Art wise, I’ve no complaints either. I find the art style really fits this type of story, and the attention to detail given by Ikegami is frankly amazing. The tattoos are frankly stunning, the character designs are done amazingly well, with the traditional clothing looking amazing. There were a few times I found Yoâ€™s design to be a bit off, usually on the face when heâ€™s doing something, it looked a bit weird, out of synch? maybe? Itâ€™s hard to actually describe what was wrong, since it was mostly a feeling than an actual flaw. However these minor flaws were in no way able to hinder the enjoyment. Rather the opposite, Ikegamiâ€™s art fitted perfectly with the series and as a result we get a series that is damn near perfect!!
One other thing I have to mention is that there is a lot of sex in this series, and one rape scene later in the series. However itâ€™s all handled in a good way, though the censorship is a bit annoying. The censorship isnâ€™t, I believe, done by Dark Horse though, they were done by Ikegami in the original art. I donâ€™t really like the blank censorship used, that’s where they simply leave a white space with nothing drawn in. Personally I would have preferred some of the other forms of censorship, since this style really does hinder the art and setting a bit.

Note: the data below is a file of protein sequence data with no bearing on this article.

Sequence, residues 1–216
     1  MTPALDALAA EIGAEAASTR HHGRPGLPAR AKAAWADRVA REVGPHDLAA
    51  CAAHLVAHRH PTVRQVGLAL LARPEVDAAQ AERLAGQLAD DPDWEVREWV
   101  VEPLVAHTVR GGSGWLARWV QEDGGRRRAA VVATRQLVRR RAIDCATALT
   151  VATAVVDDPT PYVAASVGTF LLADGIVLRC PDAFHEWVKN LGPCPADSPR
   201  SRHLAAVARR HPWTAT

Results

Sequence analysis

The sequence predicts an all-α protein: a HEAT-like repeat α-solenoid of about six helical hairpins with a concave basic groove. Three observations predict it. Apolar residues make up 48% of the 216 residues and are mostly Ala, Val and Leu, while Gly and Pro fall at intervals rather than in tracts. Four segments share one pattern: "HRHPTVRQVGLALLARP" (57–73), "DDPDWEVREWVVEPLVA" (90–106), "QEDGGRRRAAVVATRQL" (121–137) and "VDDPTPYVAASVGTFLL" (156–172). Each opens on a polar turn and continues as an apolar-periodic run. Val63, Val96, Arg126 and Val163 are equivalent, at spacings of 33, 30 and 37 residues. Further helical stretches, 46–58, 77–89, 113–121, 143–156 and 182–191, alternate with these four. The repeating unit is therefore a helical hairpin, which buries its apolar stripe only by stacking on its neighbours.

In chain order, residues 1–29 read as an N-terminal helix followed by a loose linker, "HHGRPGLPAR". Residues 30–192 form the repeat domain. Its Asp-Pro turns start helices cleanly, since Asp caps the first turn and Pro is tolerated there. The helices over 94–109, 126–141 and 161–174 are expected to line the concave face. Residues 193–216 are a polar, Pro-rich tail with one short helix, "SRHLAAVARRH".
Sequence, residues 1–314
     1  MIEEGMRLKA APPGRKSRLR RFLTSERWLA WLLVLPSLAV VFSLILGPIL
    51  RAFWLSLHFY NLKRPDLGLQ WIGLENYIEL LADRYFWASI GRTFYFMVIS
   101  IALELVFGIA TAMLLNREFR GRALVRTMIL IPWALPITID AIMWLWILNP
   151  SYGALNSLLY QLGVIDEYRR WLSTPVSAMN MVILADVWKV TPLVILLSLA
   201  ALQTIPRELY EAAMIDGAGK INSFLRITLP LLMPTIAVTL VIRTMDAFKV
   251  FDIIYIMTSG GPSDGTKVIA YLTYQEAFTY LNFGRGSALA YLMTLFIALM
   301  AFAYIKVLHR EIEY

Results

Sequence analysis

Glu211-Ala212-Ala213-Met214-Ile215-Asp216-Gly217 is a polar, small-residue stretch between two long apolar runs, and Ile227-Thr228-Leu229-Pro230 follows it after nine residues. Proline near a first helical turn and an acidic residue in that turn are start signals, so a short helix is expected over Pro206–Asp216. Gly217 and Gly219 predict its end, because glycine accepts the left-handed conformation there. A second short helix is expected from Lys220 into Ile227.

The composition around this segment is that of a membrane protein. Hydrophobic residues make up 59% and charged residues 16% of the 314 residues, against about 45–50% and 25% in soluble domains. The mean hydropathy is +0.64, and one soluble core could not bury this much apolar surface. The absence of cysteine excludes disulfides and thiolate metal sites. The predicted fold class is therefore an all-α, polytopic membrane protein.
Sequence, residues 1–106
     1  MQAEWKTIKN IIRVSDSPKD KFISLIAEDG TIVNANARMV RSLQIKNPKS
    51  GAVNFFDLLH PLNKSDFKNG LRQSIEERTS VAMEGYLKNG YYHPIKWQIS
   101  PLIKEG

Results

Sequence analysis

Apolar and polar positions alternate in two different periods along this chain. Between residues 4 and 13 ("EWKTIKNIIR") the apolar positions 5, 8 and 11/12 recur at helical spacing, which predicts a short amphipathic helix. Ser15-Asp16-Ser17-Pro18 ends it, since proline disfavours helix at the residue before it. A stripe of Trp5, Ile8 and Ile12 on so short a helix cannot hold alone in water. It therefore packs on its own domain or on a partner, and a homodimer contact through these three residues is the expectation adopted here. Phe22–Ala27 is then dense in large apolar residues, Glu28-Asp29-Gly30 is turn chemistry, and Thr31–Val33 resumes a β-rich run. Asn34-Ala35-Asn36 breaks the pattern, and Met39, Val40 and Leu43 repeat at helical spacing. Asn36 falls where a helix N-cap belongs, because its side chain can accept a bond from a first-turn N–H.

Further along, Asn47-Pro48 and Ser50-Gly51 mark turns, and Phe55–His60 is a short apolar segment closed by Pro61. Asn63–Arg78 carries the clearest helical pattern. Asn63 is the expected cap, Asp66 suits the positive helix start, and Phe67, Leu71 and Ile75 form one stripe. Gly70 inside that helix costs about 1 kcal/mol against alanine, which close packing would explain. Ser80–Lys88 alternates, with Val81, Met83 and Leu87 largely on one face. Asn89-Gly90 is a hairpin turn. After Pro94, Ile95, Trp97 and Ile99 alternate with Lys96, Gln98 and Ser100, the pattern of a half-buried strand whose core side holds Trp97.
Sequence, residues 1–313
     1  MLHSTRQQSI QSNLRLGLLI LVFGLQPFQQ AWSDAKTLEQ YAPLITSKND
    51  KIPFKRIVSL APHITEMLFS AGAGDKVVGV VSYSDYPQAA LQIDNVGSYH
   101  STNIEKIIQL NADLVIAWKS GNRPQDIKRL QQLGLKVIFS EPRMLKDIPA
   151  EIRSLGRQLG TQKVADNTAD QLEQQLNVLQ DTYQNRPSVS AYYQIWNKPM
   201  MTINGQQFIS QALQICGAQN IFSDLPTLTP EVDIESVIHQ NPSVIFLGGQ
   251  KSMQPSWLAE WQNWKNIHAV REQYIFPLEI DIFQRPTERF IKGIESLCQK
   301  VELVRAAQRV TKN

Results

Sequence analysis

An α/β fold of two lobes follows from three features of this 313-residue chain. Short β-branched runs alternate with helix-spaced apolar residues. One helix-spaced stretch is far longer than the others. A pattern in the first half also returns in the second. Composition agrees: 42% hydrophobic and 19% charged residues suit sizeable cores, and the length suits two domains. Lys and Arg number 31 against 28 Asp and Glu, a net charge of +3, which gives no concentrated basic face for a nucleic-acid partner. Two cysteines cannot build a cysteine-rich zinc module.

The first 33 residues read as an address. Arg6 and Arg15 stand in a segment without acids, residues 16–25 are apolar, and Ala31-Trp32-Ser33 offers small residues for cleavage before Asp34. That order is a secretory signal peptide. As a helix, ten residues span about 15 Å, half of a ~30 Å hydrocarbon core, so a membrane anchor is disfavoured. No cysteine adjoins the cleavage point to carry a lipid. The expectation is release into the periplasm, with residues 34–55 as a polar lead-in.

The release I have is the Dark Horse Manga version, and I find it to be the best version. I wasnâ€™t keen on the Viz Edition, which was flipped, and had some rather off translations. Dark Horseâ€™s version is un-flipped and doesn’t translate the SFXâ€™s, rather we get a little box with the translation. I like this style as it doesn’t interfere to much with the art, like the english SFXâ€™s can do.
I have to admit I was surprised that choose to release this in oversized volumes, with an average of 400 pages, but I’m glad they did. The over size really works well making for a great flow in the reading, thereâ€™s no need to break the story mid flow due to page counts. Though admittedly this did happen in the first volume, but thatâ€™s understandable given the first volume and part of the second is basically setting the stage.
Overall, this is a series I think most people should read, and I think most people would enjoy.